When we start working with parallel or concurrent programming, usually the first thing we come across is the problem when two concurrent (or parallel) executions try to access the same resource (for example a variable). Mutex is one of the simplest solutions to solve this issue. In the following tutorial, we’re going to explain how it works and how to use it.
2. Mutex Explained
What is the problem precisely that the Mutexes are the solution for? Let’s imagine a Scrum daily meeting in the morning with five developers and the Scrum Master. One of them is drinking his coffee and he’s unable to speak until fully awaken. The other would like to go back to the desk to finish that SQL query rather than being in a meeting. The rest (all three) understand the goal of the meeting and are excited to talk about what they did so they start to speak simultaneously.
This ends up chaos and no one understands anything. The Scrum Master steps up and gives a ball to one of the developers and says: “Only the one with the ball can talk!”. From that point on, they understood each other and could conclude the meeting rapidly:
If we think about it the SM solved the situation by defining the critical section in the system. We understand the word “critical” because we can see where it leads us if we don’t manage it properly. The developers (actors) used the ball as a tool to signal the others who can speak and who must wait for it. In other words, the ball mutually excluded the developers to speak. This naming is so common that people started to abbreviate: Mutex (Mutual Exclusion).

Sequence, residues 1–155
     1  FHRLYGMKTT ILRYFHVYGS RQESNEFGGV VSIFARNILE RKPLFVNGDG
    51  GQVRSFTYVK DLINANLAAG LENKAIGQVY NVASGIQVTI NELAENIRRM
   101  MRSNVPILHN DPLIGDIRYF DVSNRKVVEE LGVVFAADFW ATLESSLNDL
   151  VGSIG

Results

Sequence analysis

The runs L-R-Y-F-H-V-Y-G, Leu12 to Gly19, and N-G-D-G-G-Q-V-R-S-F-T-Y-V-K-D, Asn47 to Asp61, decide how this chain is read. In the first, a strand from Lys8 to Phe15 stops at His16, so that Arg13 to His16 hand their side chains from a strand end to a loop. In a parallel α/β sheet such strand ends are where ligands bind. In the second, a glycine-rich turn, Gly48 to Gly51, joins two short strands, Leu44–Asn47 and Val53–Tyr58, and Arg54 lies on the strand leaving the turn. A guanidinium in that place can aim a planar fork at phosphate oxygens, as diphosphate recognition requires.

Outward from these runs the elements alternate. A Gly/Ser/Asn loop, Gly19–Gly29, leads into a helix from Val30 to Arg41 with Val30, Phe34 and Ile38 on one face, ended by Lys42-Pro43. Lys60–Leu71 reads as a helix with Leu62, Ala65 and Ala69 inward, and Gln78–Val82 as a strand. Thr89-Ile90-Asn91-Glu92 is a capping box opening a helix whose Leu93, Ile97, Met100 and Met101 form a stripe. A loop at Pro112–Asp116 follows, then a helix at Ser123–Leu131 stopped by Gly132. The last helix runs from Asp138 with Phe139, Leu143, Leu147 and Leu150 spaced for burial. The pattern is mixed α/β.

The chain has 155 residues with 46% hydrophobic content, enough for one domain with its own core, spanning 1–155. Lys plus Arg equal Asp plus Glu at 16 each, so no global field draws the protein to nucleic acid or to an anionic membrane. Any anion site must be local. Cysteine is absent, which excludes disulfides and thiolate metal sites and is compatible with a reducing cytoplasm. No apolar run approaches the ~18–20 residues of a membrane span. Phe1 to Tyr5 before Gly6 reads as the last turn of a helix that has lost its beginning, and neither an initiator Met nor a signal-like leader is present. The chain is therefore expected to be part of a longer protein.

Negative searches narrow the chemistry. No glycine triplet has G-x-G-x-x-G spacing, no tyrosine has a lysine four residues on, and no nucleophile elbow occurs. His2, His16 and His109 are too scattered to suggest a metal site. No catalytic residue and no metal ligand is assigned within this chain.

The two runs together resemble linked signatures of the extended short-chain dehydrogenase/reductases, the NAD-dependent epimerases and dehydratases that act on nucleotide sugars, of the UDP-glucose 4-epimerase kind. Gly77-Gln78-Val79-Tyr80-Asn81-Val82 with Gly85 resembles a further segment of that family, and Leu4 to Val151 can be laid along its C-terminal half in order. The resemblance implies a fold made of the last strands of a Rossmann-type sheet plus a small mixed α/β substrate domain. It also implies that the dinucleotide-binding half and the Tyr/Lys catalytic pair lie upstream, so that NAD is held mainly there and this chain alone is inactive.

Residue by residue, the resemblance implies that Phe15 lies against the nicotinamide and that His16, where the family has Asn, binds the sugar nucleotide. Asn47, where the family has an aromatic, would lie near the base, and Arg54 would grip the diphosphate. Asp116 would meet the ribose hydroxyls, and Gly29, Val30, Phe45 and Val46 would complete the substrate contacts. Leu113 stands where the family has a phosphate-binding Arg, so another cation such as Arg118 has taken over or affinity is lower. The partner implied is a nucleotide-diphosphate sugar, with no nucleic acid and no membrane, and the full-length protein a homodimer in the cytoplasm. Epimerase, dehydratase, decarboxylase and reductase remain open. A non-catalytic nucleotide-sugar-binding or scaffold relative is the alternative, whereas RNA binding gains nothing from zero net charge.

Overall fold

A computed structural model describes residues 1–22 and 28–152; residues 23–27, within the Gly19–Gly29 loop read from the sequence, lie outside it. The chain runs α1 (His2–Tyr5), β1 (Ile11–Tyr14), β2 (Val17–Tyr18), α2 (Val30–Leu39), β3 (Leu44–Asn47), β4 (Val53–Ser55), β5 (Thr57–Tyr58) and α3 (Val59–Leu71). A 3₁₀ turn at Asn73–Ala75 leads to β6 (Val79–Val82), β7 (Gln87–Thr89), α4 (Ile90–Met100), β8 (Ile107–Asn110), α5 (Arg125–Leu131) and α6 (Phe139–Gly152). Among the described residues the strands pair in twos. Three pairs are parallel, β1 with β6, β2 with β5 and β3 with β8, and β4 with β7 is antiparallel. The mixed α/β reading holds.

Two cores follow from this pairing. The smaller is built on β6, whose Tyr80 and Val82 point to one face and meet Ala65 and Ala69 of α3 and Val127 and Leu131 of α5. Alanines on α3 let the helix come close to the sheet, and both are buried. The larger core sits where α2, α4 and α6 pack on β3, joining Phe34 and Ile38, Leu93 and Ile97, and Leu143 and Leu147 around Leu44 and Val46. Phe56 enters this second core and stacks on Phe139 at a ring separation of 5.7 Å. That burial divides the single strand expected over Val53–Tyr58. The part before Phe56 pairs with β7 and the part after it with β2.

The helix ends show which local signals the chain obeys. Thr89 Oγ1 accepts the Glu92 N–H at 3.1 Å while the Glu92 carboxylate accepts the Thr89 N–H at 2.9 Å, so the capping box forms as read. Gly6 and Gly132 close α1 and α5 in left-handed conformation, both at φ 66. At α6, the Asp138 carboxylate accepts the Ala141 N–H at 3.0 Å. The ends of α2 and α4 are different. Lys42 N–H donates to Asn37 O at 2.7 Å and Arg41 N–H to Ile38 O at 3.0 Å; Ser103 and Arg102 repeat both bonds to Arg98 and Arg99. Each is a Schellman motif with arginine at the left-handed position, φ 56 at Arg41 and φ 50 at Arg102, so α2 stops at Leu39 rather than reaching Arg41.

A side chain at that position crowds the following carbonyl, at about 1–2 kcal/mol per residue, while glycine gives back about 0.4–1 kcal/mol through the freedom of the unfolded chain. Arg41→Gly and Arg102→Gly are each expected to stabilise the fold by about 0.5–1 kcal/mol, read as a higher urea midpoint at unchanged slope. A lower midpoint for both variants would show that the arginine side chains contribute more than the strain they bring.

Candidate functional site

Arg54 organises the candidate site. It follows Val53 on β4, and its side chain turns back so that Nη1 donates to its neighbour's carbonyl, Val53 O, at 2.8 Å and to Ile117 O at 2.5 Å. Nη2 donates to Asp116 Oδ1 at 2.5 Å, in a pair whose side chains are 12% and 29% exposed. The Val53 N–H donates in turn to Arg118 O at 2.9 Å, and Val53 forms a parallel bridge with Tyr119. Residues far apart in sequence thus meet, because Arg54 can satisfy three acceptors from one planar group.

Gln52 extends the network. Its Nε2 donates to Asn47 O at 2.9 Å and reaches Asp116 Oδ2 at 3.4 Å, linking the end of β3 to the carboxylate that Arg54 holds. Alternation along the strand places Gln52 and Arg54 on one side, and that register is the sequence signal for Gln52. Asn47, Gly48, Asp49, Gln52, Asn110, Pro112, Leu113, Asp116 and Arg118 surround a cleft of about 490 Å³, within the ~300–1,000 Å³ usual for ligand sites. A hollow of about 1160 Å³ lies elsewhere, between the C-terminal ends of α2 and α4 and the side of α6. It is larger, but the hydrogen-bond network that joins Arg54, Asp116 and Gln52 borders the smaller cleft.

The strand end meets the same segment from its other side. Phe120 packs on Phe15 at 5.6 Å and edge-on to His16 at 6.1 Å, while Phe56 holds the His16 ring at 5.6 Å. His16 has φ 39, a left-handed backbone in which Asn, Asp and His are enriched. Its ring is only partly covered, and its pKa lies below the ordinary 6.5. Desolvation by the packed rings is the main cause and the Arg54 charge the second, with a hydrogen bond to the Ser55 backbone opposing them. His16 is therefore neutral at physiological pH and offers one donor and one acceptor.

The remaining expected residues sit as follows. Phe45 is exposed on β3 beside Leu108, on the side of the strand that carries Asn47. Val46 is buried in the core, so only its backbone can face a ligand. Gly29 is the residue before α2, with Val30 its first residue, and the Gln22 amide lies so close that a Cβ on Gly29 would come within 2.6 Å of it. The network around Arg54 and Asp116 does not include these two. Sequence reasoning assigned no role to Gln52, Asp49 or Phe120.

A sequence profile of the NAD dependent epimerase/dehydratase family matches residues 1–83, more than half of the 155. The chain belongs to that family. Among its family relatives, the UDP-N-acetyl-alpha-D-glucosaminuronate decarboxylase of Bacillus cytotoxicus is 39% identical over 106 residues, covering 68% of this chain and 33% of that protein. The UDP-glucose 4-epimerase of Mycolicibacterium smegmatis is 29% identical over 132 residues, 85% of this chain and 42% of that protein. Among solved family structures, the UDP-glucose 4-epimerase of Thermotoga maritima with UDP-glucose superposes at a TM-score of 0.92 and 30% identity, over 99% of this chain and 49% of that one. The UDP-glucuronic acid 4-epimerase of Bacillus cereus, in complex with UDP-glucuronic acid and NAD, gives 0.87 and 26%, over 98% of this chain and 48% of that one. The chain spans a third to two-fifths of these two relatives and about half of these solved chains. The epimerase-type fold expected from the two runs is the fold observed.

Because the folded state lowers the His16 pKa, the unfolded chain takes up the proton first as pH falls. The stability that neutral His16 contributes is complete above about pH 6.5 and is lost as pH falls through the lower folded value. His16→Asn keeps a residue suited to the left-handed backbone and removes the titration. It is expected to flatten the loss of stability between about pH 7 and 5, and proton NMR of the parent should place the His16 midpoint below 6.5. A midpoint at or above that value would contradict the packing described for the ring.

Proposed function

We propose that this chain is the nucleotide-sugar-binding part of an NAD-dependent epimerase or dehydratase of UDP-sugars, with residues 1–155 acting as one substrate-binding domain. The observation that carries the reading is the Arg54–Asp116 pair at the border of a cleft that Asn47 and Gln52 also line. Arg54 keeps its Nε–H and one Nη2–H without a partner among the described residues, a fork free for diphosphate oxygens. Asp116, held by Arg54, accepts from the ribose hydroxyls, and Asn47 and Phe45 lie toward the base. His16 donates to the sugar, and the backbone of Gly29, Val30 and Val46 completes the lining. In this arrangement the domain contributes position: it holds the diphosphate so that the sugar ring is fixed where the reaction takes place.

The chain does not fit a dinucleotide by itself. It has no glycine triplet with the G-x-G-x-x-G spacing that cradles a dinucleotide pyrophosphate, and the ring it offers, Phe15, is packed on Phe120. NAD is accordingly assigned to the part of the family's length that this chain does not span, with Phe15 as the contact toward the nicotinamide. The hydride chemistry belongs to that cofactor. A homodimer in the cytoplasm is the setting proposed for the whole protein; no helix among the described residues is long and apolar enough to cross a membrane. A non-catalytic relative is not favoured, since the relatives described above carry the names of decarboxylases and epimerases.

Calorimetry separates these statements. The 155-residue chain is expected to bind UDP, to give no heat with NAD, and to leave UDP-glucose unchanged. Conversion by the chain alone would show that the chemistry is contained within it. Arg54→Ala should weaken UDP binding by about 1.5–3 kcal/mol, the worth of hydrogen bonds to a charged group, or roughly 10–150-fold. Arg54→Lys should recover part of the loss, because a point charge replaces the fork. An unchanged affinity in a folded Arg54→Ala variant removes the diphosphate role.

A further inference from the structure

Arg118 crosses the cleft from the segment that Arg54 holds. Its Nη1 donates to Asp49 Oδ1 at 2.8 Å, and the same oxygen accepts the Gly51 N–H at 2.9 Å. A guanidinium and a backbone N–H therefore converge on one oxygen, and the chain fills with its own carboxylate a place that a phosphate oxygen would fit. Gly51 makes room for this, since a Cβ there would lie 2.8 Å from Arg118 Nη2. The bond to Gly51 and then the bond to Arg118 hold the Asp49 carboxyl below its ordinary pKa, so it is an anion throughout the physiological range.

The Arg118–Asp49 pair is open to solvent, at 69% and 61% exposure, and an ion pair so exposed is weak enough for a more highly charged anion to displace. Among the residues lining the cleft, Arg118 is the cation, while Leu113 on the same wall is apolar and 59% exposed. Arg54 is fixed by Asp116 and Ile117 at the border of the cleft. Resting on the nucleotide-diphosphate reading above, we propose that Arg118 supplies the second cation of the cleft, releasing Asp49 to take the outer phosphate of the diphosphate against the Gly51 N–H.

3. Where Do We Use?
The concept can be applied in many different situations, the main goal is always to be able to define the critical section:
- Multiple threads accessing shared memory with write and read access
- Multiple processes accessing a common resource (printer and camera)
One common implementation of a Mutex is the Lock that can be acquired (entering the critical section) and released (leaving the critical section):
As we stated above, the critical section is guaranteed to give access to only one of the actors at a time. If we design our system poorly we can end up with one big critical section where only one actor can work while all the other always have to wait for the Mutex to be resolved.
This doesn’t differ from a sequential execution so we didn’t gain any performance by choosing concurrent programming (if you think about it, our Scrum example was like that). This shows the importance of the definition of the critical section. When we design our system we have to identify and localize the common resources to be able to benefit from parallel execution.
Another common issue is Deadlock. Let’s assume for the sake of fun, that the Scrum team decides that a developer passes the ball only if he finished completely, but he needs some information from his colleague. What happens?
- The one who has the ball (“Dev A”) asks a question from “Dev B” and wait for the answer
- “Dev B” (no ball) knows the answer but he waits for the ball to be able to speak
- “Dev A” cannot pass the ball until he completely finished and he needs the answer
Is there a resolution to this situation? Unfortunately no. Our system hangs forever or, in other words, is in Deadlock.
Deadlocks can happen especially in systems with multiple locks. To ensure that your design is deadlock-free, you shall acquire the locks in the same order in each actor.
A similar phenomenon is expressed in the catch-22 situation.
In this article, we summarized the definition and properties of Mutexes and saw what problems we might have using them. It is important to note that there are some design patterns that try to solve interactions between actors differently than a Mutex. Understanding the problem is crucial to be able to design the best solution for it.